Most mornings I have coffee and an empanada at Pasteleria Noel.  I have been meaning to write a post complaining about some of the inefficiencies there but held off as I suspected something bad had happened to the owner who seems like a nice guy.

I noticed a Mercedes parked in front of the place at an odd hour and thought “that must be the owner’s car”. My first thought – as it always is when I see a fancy car in Panama was “why would you make yourself such a target?”  As I passed by later in the day I snapped the following picture:

noel

Well now I was pretty certain that something bad happened and it was probably the owner.  There was nothing in the news for a few days but from today’s newspaper we learn that the owner of this Mercedes was kidnapped but has since been recovered.

Se sospecha de un grupo de venezolanos y colombianos que lo interceptaron el pasado jueves por el área de Bella Vista, en donde fue encontrado su vehículo. Durante este fin de semana la Policía hizo operativos para ubicar al resto de la banda.

I still am not sure if this is the owner of Pasteleria Noel but I suspect it is.  In any event, now that it is either A. Not him, or B.  It is him and he’s ok now, let me proceed to rant about the inefficiency of the place:

When you sit at the counter and eat and have a coffee you can’t actually pay at the counter.  You have to pay in the main checkout line.  The main checkout line is often crowded and is full of people buying a whole bunch of cakes and/or pastries for an event they are having that night.  I have long ago accepted that the 3rd world isn’t good at making lines move smoothly, but here is something easy that can be easily fixed:

While the desserts and cakes made every day differ, there are the “bakery staples” made fresh every day such as croissants, baguettes, and the like.

When you go to buy a croissant (as I do from time to time to eventually make a ham sandwich with it) it is not as simple as saying “un croissant por favor” and then paying for it.  Baked goods all very slightly in size and shape.  This is no big deal and the variance is always small.  At Pasteleria Noel, however, instead of just having a set price for a croissant they weigh every single one and charge accordingly.  This adds multiple extra steps to the process of buying a croissant.  Let’s compare the “normal” vs. Pasteleria Noel process for buying a croissant:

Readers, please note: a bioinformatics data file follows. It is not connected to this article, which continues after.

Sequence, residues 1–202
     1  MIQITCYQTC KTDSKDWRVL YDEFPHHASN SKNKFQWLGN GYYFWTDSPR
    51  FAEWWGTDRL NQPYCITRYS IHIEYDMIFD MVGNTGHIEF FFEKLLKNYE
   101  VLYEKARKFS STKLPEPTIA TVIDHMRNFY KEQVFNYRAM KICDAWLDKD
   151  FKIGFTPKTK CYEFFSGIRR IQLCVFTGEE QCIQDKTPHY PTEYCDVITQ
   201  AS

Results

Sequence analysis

Normal:

Me:  One croissant please

Bakery worker:  Here you go.

Cashier:   75 cents please

Me:  (pays) Thank you!

Cashier: Thank you!

Pasteleria Noel:

Me:  One croissant please

Bakery worker:  Do you care which one?

Me:  No

Bakery worker (weighs the croissant, writes the price on the bag)

Cashier:  How much?

Me: (Shows the bag)

Cashier: 72 cents! (or 71, 76, it varies)

Me:  (needs to count out 72 cents  I spend my changed here.  I couldn’t just have 75 cents locked and loaded and ready to put in her hand.)

Cashier:  Thank you

Now, if this sounds inefficient, it is even worse when dealing with some customers because they will waste time picking out the exact croissant or loaf of bread that they want.

Back to the kidnapping:  Driving a Mercedes around Silicon Valley isn’t likely to make you the target for a kidnapping or robbery.  In Panama City it is.  So why do people drive Mercedes in Panama City?

I reached out to my good friend Stephen Hilgart.  Steve is the most insightful person I know on human behavior.  Check out his website:  http://stephenhilgart.com.  I had the fortune of sharing an apartment with Steve in Riga for 6 weeks or so in which time I learned more about human behavior and thus myself than in my prior 41 years combined.  Steve explains that it is all about significance:

Everyone wants to feel like they are a part of someone and they want to be loved and all but at the same time we all want to be different and unique and special.  The challenge in labeling it “significance” as I do is that not everyone uses that word to describe it.  They might use unique, special, or different.

My own advice is to search for significance outside of  material goods.  This is one of the reasons I write this blog even though nobody really reads it (yet!).